Film Review – The Water Diviner
The Water Diviner
It’s interesting how wars have both over represented and under represented periods on film. Vietnam has quite a few movies portraying it now. The Civil War has it’s fair share. Even the current war in the middle east is racking up a sizeable amount of film. World War II is probably the most filmed, examined, re-enacted, dissected, and played out war in American movies. However, World War I, The Great War, is often forgotten or ignored. Sure, there are some notable examples of movies set then: All Quiet on the Western Front, War Horse, Wings, etc. But for the most part, it’s a conflict that gets relatively short shrift from storytellers. So the fact that it’s the focus of Russell Crowe‘s new film The Water Diviner is refreshing.
The Battle of Gallipoli was a major loss for the Australian army in WWI. Thousands of lives were lost and the Turkish army held them off until they had to retreat. In the film, after a brief prologue, 4 years have passed since the end of the war. Connor (Crowe) and his wife had 3 sons who all fought in the battle. With their boys presumed dead, their daily grief is palpable. And though Connor is trying to keep going finding at least distraction in his farm, his wife is insane with grief. She ends up taking her own life. Connor, trying to keep a vow he made to her, has decided to go find his sons remains so he can bring them home to be buried next to her. That search is what makes up the bulk of the running time of The Water Diviner.
Connor’s search is happening at the same time that the Australian army is working with the Turkish army to sort through the dead on the battlefield. As one officer in the film points out, this is the first time that anyone has ever cared about identifying the enlisted men. In previous wars, only the officers were bothered with while the infantry were dumped into large mass graves. Their families never truly knew what happened to them. Meanwhile, their uneasy alliance with the Turkish makes for a lot of tension. These were soldiers who fought on opposing sides not long before this effort. So, not all of the men can put the past behind them. Couple that with the fact that Greece and Turkey were fighting over the remains of the country after the war and you get an inherently dramatic setup.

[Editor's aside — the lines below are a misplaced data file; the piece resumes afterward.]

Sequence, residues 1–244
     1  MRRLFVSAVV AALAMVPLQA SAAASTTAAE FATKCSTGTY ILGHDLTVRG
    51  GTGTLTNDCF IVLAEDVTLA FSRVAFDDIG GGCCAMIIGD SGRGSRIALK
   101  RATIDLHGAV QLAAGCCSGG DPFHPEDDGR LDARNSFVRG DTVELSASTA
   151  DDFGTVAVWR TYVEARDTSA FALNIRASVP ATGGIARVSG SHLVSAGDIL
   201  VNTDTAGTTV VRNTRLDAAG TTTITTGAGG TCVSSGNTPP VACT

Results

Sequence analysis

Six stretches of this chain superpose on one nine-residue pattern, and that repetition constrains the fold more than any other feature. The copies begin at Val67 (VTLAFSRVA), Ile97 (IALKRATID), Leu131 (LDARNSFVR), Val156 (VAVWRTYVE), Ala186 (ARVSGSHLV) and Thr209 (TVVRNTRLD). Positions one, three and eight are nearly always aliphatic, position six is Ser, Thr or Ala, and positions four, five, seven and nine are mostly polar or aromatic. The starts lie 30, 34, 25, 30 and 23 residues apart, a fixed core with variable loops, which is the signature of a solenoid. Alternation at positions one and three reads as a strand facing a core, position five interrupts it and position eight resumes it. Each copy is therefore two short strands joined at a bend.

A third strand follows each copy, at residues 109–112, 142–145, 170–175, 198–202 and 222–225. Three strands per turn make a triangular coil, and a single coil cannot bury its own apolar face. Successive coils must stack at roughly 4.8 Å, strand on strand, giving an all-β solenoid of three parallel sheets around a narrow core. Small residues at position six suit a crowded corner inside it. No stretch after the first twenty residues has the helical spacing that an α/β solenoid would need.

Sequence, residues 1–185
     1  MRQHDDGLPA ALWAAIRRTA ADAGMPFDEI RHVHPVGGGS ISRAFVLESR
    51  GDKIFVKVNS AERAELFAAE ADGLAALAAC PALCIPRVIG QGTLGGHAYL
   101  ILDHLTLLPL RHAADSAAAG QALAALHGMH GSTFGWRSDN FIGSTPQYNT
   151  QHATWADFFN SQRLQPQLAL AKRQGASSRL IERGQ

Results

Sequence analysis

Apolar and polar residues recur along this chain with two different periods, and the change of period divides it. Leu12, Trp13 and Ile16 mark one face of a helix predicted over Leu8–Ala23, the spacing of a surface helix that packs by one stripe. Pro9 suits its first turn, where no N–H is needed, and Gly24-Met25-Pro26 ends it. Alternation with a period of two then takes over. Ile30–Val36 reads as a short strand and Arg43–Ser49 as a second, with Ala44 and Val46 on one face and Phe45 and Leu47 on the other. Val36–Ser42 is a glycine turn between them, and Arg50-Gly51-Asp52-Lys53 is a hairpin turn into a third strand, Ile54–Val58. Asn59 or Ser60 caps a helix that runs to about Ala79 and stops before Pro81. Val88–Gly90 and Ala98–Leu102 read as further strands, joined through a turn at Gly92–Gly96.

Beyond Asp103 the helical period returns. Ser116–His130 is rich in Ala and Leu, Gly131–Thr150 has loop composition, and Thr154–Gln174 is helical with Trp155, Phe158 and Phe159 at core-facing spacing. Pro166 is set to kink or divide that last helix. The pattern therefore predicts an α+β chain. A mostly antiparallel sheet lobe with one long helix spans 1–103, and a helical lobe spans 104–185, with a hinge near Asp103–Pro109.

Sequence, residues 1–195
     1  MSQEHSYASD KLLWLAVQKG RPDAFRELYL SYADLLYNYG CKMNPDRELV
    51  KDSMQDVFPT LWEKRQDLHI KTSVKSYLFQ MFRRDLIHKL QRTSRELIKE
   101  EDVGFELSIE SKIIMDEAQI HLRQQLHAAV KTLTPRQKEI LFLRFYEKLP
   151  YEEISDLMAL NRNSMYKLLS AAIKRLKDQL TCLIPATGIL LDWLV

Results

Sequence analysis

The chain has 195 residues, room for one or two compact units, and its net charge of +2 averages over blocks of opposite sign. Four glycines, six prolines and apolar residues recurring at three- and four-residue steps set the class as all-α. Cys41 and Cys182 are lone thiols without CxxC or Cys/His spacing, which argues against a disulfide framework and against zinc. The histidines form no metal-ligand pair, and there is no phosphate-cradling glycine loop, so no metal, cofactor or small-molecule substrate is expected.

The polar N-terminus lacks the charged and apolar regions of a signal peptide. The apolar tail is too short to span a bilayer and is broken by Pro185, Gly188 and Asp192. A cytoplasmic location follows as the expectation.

While the basic outline of this movie has echoes of Saving Private Ryan, the search for specific soldiers in the mass of a war torn country for non-combat purposes, The Water Diviner is much more pedestrian in it’s telling. It is essentially great dramatic material only adequately told. There are too many telegraphed emotional beats and too much Hollywood-esque neatness to how some of this plays out.
For example, when Connor first arrives in Turkey, his bag is stolen by a movie-cute moppet who recruits him to stay in his family’s hotel. And his mother just happens to be played by former Bond girl Olga Kuryenko. No matter how much they try to dress her in peasant rags, she still looks like a model who’s playing at humble. Will our protagonist and the pretty servant lady have a flirtation while growing to understand each other’s cultures more? Hmmm. How has that played out in most every movie you’ve ever seen before? Exactly.
The main frustration here is that Director Crowe doesn’t trust the rich material he’s tapped into here enough. We aren’t able to feel the full weight of the dramatic beats here. Often scenes are cut off too quickly like he’s afraid the audience will get bored if we don’t move on. There is good material here. The film is earnest to a fault. But the narrative ends up so linear that it lacks nuance. The acting is solid, especially Yilmaz Erdogan as one of the Turkish officers that helps Connor in his search. He wears an air of weariness with war that adds some depth to the proceedings. Also, some of the shots of the outback and battle scarred earth are moving.
But this is also another tale of the heroic white man entering a foreign culture. He remains very neutral throughout, but the movie industry’s propensity to make stories like this all about white males continues. As we’ve seen countless times, he is supposed to be our window into looking at this culture. It’s great because it is an interesting world. In America it is a bit more unique to see the Australian perspective on the world. But at some point someone in film might want to value the lives of indigenous people in a culture as much as they do the white male outsider.
Russell Crowe obviously means well choosing this as his first major directorial effort. It is rich dramatic material and is universally well acted. However, The Water Diviner might have been better served by storytelling that could find more subtlety in the drama.